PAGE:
Simar Preet Kaur’s writing has appeared in a range of publications including Commonwealth Writers, National Geographic Traveler, COLORS and Papercuts. She began as a travel writer and was the editor of in-flight magazine JetWings in Bombay before moving to the mountains. Simar received a Sangam House Fellowship in 2015. In 2016 she was awarded the Charles Wallace Fellowship at University of Stirling, where she continued work on her first book – a fiction set in the Himalayas.
Long before arriving in Stirling I had settled on my guides. Through Robert MacFarlane I discovered Nan Shepherd, and through her I hoped to find all the northern wilderness that makes their Scotland special. The project I intended to work on during the fellowship was immersed in close study of landscape; geography had been a constant preoccupation.
In an unexpected reversal though, it was the countryside that walked indoors. I got to know Orkney Islands inside the Stirling University library, became acquainted with a most remarkable tree in a Cambridge college lawn and – the best surprise – found my imagined Himalayas in a subterranean reading room at the Royal Geographical Society in London.
The welcoming silence of the university campus with its lake and surrounding hills has been a source of inspiration for many writers. But for me the fellowship marked a transition from a Himalayan village to a Western town. It jumbled my adjectives – is ‘quiet’ filled with Indian fairs or Scottish cars? It confused my nouns – could a village remain a village with a Hoover cleaning its homes? In fact, it took a trip south to figure my coordinates. Only when enough Londoners had said “Oh you’re living out there!” did the wonderful realisation of being ‘up north’ feel complete. From then on, it was my wish against my flatmates’; they pined for spring while I hoped for an endless winter.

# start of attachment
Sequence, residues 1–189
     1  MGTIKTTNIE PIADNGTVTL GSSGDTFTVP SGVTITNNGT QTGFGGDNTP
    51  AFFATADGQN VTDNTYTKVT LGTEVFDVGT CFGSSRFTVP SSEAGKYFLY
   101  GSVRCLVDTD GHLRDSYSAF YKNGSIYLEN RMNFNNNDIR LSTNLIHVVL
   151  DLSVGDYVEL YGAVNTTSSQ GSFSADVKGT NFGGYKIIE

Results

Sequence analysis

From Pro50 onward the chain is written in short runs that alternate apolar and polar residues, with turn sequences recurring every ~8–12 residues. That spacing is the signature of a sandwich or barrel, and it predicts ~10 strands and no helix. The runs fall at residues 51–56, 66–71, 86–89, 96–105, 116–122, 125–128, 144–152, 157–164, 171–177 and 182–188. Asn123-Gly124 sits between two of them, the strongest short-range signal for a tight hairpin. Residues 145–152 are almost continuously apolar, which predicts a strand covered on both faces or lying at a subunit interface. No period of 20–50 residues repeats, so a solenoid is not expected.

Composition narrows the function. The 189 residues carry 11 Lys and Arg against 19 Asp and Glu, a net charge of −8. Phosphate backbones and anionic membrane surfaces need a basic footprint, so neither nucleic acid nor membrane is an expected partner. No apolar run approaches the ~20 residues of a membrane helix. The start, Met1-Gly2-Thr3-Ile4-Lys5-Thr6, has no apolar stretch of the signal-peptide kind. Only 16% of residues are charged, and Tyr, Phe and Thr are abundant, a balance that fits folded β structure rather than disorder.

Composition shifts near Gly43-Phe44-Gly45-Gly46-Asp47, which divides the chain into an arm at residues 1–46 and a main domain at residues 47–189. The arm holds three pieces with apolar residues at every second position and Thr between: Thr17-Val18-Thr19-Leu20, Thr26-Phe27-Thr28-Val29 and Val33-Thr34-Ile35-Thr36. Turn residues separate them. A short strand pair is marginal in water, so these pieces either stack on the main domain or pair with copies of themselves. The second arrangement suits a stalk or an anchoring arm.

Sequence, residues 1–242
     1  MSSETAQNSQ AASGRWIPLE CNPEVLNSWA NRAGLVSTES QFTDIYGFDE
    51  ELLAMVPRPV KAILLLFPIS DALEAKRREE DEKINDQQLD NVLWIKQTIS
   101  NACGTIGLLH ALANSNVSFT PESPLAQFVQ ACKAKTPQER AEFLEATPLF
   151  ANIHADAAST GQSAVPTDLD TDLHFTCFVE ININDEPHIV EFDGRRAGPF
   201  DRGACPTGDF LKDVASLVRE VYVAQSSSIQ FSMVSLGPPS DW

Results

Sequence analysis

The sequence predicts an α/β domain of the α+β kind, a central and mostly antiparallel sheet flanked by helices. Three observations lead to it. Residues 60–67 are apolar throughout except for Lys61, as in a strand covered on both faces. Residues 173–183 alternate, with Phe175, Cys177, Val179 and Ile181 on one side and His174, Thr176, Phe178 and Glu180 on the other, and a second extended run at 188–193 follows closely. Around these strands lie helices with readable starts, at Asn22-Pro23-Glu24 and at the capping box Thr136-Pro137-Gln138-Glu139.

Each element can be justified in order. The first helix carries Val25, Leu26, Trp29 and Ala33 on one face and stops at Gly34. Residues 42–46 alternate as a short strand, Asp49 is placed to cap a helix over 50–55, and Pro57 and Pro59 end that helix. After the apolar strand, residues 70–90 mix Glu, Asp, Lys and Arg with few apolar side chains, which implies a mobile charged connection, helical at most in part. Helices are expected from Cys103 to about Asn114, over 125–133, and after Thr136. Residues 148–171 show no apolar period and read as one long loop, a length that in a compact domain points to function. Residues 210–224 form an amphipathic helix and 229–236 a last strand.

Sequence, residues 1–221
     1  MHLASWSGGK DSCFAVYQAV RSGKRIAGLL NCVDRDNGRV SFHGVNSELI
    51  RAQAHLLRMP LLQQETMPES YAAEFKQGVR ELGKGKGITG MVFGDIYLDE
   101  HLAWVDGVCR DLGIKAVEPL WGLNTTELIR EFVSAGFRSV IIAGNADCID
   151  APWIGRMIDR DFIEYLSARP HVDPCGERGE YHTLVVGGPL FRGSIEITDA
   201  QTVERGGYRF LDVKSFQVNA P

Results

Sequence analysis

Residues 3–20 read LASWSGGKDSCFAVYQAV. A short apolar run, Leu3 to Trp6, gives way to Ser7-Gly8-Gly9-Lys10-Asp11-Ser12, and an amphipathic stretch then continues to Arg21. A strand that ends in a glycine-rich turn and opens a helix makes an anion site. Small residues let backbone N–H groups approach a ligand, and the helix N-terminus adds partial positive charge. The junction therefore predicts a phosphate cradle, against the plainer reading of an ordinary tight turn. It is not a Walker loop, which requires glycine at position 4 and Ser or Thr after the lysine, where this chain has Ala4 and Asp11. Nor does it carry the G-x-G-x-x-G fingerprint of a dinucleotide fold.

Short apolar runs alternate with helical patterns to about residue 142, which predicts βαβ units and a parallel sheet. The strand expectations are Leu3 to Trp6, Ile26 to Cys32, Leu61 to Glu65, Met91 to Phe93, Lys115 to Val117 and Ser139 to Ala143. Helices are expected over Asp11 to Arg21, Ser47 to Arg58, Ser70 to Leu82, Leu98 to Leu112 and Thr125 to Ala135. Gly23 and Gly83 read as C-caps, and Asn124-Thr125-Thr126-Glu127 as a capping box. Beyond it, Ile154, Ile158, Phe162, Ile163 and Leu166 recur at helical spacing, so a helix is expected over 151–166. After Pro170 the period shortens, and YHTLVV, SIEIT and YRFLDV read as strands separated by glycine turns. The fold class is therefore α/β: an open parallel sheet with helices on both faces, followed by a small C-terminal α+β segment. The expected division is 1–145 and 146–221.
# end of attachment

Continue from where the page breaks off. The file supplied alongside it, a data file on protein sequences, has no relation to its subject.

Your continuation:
I believe the Scottish wind and I became good friends. It accompanied me to the library, pushed me up the steps to Pathfoot Building, came with me to buy lemon curd and crumpets from the supermarket, sounded its approval of my conversations about the Highlands with the night porter in Lyon Crescent, and it did all of this in a most playful fashion. Such that during a spell of sleet – as predicted by BBC – it could make each raindrop dance to a different tune. The wind got my project moving despite the vast distance that separated the story from the subject.
What I’ve brought back from Stirling is a fresh perspective afforded by writing about the Himalayas on the other side of the world. Place comparisons are an inevitable cliché for a traveller in a foreign land, but three months are a considerable time to add some depth to observations. The process was made easier by post-lunch coffee breaks with the university’s Literature and Languages department. They are a most jolly crew, and patient too for responding to my never-ending queries on grass and heather and lochs.
The Cairngorms, which I never got around to visiting, will be a reason to return to Scotland, but in the meantime I’ll remember Stirling as a windy home where a story learnt to walk.